Now, two first-of-their-kind studies provide new insight into the deep history of the Greenland Ice Sheet, looking back millions of years farther than previous techniques allowed. However, the two studies present some strongly contrasting evidence about how Greenland‘s ice sheet may have responded to past climate change – bringing new urgency to the need to understand if and how the giant ice sheet might dramatically accelerate its melt-off in the near future.

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The two new studies were published in the journal Nature on December 8, including one led by University of Vermont geologist Paul Bierman. The other led by Joerg Schaefer of Lamont-Doherty Earth Observatory and Columbia University.

Bierman and four colleagues – from UVM, Boston College, Lawrence Livermore Laboratory, and Imperial College London – studied deep cores of ocean-bottom mud containing bits of bedrock that eroded off of the east side of Greenland. Their results show that East Greenland has been actively scoured by glacial ice for much of the last 7.5 million years – and indicate that the ice sheet on this eastern flank of the island has not completely melted for long, if at all, in the past several million years. This result is consistent with existing computer models. Since the data the team collected only came from samples off the east side of Greenland, their results do not provide a definitive picture of the Greenland ice sheet.

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The other study in Nature – led by Joerg Schaefer of Lamont-Doherty Earth Observatory and Columbia University, and colleagues – looked at a small sample of bedrock from one location beneath the middle of the existing ice sheet and came to what appears to be a different conclusion: Greenland was nearly ice-free for at least 280,000 years during the middle Pleistocene – about 1.1 million years ago. This possibility is in contrast to existing computer models.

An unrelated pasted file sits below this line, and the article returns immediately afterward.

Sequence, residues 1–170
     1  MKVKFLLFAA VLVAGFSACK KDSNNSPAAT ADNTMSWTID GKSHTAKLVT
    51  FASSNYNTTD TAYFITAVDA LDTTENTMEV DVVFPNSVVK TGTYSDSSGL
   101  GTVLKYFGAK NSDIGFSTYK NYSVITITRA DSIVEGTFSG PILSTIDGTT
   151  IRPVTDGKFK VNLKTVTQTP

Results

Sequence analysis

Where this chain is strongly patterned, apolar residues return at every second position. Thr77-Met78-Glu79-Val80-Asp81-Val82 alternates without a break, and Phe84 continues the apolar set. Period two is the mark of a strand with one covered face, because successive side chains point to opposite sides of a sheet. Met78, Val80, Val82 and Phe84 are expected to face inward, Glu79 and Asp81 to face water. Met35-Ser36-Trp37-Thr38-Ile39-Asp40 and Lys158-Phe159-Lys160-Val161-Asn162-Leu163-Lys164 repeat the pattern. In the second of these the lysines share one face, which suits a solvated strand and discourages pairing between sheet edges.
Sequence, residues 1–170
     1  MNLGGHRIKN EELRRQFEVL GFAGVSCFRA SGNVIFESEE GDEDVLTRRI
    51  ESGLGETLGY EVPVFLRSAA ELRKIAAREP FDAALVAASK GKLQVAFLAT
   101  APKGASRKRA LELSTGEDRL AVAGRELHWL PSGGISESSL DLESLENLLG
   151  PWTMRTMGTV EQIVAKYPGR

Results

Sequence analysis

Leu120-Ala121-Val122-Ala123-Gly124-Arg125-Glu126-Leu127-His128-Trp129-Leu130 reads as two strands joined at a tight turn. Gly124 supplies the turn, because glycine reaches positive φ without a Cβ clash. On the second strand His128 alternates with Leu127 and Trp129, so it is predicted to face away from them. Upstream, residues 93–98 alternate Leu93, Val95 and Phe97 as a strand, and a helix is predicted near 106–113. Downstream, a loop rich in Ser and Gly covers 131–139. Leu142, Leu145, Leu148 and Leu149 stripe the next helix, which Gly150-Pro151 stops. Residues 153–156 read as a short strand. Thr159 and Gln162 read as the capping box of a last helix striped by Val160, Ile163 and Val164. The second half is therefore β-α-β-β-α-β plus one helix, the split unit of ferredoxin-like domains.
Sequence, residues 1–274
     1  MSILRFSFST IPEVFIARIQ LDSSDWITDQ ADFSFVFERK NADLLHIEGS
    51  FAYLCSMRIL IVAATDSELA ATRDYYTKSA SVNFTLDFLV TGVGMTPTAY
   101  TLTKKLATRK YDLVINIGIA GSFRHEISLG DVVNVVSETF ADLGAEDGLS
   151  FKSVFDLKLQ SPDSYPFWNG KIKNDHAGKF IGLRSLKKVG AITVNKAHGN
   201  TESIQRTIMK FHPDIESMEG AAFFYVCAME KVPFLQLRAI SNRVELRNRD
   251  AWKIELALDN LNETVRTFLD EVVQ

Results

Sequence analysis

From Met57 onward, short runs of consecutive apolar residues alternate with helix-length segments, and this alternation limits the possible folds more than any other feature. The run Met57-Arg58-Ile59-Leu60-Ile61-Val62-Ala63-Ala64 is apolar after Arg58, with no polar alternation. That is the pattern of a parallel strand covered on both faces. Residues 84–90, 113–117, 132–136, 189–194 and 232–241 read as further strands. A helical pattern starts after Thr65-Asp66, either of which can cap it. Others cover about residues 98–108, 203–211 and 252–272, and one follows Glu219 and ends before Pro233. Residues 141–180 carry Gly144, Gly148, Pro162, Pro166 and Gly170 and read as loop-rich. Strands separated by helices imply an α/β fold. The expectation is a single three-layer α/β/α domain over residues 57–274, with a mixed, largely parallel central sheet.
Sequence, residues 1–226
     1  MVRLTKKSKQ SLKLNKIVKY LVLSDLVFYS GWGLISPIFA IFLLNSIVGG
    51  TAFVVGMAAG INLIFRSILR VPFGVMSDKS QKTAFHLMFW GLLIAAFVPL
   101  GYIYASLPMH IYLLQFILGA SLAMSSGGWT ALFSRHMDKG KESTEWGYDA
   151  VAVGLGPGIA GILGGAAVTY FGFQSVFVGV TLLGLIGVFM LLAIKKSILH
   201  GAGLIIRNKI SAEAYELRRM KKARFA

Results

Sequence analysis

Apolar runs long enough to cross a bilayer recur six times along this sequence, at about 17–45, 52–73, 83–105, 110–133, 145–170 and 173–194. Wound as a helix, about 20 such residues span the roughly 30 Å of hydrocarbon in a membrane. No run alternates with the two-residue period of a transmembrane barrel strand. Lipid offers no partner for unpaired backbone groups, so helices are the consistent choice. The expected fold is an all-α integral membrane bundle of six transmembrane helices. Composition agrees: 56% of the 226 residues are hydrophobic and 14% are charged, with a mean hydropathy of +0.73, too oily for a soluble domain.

“These results appear to be contradictory” UVM’s Bierman says. He notes that both studies have “some blurriness,” he says, in what they are able to resolve about short-term changes and the size of the ancient ice sheet. “Their study is a bit like one needle in a haystack,” he says, “and ours is like having the whole haystack, but not being sure how big it is.”

Both Studies Analyze Cosmic Ray Bombardment in Bedrock

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Both teams of scientists used, “a powerful new tool for Earth scientists,” says Dylan Rood, a scientist at Imperial College London and a co-author on the Bierman-led study: isotopes within grains of quartz, produced when bedrock is bombarded by cosmic rays from space. The isotopes come into being when rock is at or near Earth’s surface – but not when it’s buried under an overlying ice sheet. By looking at the ratio of two of these cosmic-ray-made elements – aluminum-26 and beryllium-10 caught in crystals of quartz, and measured in an accelerator mass spectrometer – the scientists were able to calculate how long the rocks in their samples had been exposed to the sky versus covered by ice.

UPDATE: New Study Suggest Cosmic Ray Origin Now Include ‘Dark Matter’

Observing the constant rain of cosmic rays hitting Earth can provide information on the “magnetic weather” in other parts of the Galaxy. A new high-precision measurement of two cosmic-ray elements, boron and carbon, supports a specific model of the magnetic turbulence that deflects cosmic rays on their journey through the Galaxy.